The prefabricated pontic 10 as shown in each of the FIGS. 1 to 4 comprises a plurality of pliable cross connecting metal members 12, 14, 16 and 18, which interconnect to form an open skeleton framework. The underlying concept of using an open framework of metal for a pontic as opposed to a solid mass is taught and described by Applicant in U.S. Pat. No. 4,231,740 which issued Nov. 4, 1980, the disclosure of which is herein incorporated by reference. This patent specifically relates to the fabrication of a metal under-structure from a wax pattern to form a crown or a metal pontic with a skeleton-like metal framework. The skeleton-like metal framework can take many different shapes depending upon the restoration to be formed. The pontic designs disclosed in the aforementioned patent are intended to be cast for use in fabricating single unit dental restorations particularly of porcelain to metal.
The central member 14 of the pontic 10 is a single continuous band of member which extends from the mesial to the distal relative to the abutment teeth 19 and 20. The open space between the abutment teeth 19 and 20 defines the edentulous space to be bridged with the prefabricated pontic 10. The central member 14 extends lengthwise to form arms 22 and 23 which overlie the occlusal surfaces 24 and 25 of the abutment teeth 19 and 20. In this position, the arms 22 and 23 will support the pontic 10 in a suspended position between the abutment teeth.
The metal member 12 is curved in an arch extending from the mesial to the distal along its buccal surface. The metal member 16 in a complementary fashion, is curved in an arch extending from the mesial to the distal along its lingual surface. The cross member 18 extends in an arch buccolingually to interconnect the members 12, 14 and 16. This forms a large occlusal concavity 17 which may be filled with a veneering material such as an acrylic or porcelain after the bridge is completed. The metal members 12 and 16 have open ends 26, 27, 28 and 29 which overlap and abut the metal member 14 at the mesial and distal ends 30 and 31 of the pontic 10 but are not fixedly attached to each other. Accordingly, the members 12, 14 and 16 may easily be separated one from the other at the mesial and distal ends 30 and 31, respectively. If the span length "L" between the abutment teeth is too long to properly seat the pontic 10, the framework dimensions of the pontic 10 may be readily modified to fit the space. Adjustment of the pontic is carried out in accordance with FIGS. 2 to 4 to conform the prefabricated pontic dimensions to the span length "L".
As shown in FIG. 2, the arms 22 and 23 are pulled apart using pliers for separating the central member 14 from the members 12 and 16 at the mesial and distal ends of the pontic. Each member 12 and 16 is then pulled outwardly as shown in FIG. 3 using for example a conventional 3 and/or 4 prong dental pliers. The pontic is reconfigured into a modified shape as shown in FIG. 4 with the open ends 26, 27, 28 and 29 realigned to overlap and abut the central member 14 at the mesial and distal ends 30 and 31 of the pontic 10. Thus, it is readily apparent that the pontic framework can be modified to fill the edentulous space 21 between abutment teeth over a wide variation in span length "L". The adjustment in pontic length may result in a small change in width which has little significance to the overall structure.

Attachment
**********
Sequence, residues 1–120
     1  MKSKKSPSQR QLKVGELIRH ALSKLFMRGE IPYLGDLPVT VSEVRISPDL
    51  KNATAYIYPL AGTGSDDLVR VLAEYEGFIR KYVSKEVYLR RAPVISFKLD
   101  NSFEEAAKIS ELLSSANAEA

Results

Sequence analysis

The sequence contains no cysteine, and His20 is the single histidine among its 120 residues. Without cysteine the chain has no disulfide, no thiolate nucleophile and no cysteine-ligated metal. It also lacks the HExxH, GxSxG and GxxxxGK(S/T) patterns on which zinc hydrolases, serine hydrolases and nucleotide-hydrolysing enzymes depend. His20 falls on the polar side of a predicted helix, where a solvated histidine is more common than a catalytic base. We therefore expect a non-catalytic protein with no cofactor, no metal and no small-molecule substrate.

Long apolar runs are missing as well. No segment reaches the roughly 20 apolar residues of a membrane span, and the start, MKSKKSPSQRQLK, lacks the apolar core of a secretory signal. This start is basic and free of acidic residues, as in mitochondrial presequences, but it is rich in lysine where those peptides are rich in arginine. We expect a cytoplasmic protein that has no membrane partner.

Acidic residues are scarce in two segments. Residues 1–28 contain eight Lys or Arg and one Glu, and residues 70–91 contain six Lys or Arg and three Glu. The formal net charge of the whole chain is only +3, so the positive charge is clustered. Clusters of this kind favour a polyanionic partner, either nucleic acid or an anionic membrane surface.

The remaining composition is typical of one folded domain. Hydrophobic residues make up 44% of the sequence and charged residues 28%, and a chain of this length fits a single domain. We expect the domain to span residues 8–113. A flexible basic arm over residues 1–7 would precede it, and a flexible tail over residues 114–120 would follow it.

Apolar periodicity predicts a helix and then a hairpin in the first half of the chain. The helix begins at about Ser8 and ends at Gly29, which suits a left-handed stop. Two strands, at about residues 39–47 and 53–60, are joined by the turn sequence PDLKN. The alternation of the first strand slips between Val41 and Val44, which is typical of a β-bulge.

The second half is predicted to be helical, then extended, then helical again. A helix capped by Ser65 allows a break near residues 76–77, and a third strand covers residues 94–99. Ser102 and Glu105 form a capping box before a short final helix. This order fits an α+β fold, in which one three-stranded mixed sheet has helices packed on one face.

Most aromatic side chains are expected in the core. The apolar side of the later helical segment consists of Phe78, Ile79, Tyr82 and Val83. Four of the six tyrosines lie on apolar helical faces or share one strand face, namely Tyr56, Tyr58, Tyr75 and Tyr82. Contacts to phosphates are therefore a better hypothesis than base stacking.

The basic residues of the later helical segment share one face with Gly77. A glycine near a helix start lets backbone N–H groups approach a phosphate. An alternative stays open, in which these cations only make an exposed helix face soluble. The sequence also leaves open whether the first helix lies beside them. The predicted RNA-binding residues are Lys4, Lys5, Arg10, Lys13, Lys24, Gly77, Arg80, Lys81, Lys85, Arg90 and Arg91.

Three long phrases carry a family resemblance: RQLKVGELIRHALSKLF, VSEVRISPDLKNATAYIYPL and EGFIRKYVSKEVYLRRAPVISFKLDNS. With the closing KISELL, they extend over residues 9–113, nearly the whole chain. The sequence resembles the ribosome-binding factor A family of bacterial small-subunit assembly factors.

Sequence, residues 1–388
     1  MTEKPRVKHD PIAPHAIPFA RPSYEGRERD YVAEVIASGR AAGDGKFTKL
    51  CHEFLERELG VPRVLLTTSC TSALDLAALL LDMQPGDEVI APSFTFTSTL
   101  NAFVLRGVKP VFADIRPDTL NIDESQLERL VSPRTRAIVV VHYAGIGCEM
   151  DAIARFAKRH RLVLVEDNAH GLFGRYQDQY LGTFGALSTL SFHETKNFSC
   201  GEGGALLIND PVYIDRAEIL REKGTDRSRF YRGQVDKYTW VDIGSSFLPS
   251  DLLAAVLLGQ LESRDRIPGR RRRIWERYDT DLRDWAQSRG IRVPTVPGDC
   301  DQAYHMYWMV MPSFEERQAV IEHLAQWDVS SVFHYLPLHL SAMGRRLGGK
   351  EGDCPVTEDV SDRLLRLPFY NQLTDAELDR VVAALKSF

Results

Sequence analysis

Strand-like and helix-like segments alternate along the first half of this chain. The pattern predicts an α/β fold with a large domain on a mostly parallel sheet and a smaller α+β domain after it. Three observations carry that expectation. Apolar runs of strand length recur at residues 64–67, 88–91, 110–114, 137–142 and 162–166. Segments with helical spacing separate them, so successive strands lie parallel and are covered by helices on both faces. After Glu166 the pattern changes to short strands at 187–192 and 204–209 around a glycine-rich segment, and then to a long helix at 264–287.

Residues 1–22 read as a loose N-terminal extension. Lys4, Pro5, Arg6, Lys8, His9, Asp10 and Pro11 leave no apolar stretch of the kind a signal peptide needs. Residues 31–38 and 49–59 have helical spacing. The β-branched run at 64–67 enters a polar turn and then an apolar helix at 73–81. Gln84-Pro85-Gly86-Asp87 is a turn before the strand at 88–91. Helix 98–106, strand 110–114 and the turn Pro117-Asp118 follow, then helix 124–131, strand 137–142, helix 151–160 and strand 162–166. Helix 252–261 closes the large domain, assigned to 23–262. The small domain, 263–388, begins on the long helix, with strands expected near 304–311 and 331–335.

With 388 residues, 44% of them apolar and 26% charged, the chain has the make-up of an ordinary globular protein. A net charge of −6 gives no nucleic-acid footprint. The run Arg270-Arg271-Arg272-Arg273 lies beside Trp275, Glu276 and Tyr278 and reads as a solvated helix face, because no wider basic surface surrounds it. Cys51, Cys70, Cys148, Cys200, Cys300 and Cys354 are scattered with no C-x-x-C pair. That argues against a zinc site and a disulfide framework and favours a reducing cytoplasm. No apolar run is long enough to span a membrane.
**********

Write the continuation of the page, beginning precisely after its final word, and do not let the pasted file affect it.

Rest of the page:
Once the pontic 10 is adjusted to conform to the spacing between the abutment teeth, it is removed and the open overlapping ends 26 and 28 at the mesial end 30 and 27 and 29 at the distal end 31 are united to form a strong solid joint either by welding, bonding or riveting. If the members are to be riveted together an elongated slot or hole may be formed along the overlapping ends of the members 12, 14 and 16 to effectuate the riveting operation. Thereafter, the pontic 10 is repositioned with the arms 22 and 23 suspended between the abutment teeth 19 and 20. The arms 22 and 23 may be attached to the abutment teeth in any conventional fashion to complete the bridge and form a fixed prosthesis. This is preferably accomplished by first mounting a retaining member upon each abutment tooth and then welding the arms to each retaining member.
An alternative embodiment for the prefabricated pontic of the present invention is shown in FIG. 5 with corresponding reference numerals used to identify equivalence with the embodiment of FIG. 1 where applicable. The basic distinction lies in the use of additional arms 40 and 41 for wrapping the pontic at least partially around the buccal and lingual sides of the abutment teeth 19 and 20.
The composition of the metal members 12, 14, 16 and 18 for both embodiments is not critical to the present invention. However, the metal must be pliable so that the framework can be adjusted with the open overlapping ends of the members adjusted from one at rest position into another at rest position which is displaced from the first position. It is also necessary for the metal composition of the members to be compatible with the oral environment in which it is to be placed and accordingly, should preferably be composed of precious metals and alloys thereof. The metal members must also be of a composition which will provide desirable physical and structural characteristics for its use in a dental bridge.
Although any method of forming a pontic with a plurality of metal members as hereinbefore described may be used, the preferred method is a conventional stamping operation in which the cross connecting metal members 12, 14, 16 and 18 are punched out from a sheet of metal using a die.